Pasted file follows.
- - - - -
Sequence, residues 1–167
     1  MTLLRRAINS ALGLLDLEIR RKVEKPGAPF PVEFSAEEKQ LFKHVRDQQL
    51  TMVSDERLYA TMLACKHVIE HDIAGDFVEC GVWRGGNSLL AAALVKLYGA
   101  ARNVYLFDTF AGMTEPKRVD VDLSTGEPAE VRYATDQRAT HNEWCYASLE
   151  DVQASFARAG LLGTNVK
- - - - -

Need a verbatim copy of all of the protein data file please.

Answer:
Sequence, residues 1–167
     1  MTLLRRAINS ALGLLDLEIR RKVEKPGAPF PVEFSAEEKQ LFKHVRDQQL
    51  TMVSDERLYA TMLACKHVIE HDIAGDFVEC GVWRGGNSLL AAALVKLYGA
   101  ARNVYLFDTF AGMTEPKRVD VDLSTGEPAE VRYATDQRAT HNEWCYASLE
   151  DVQASFARAG LLGTNVK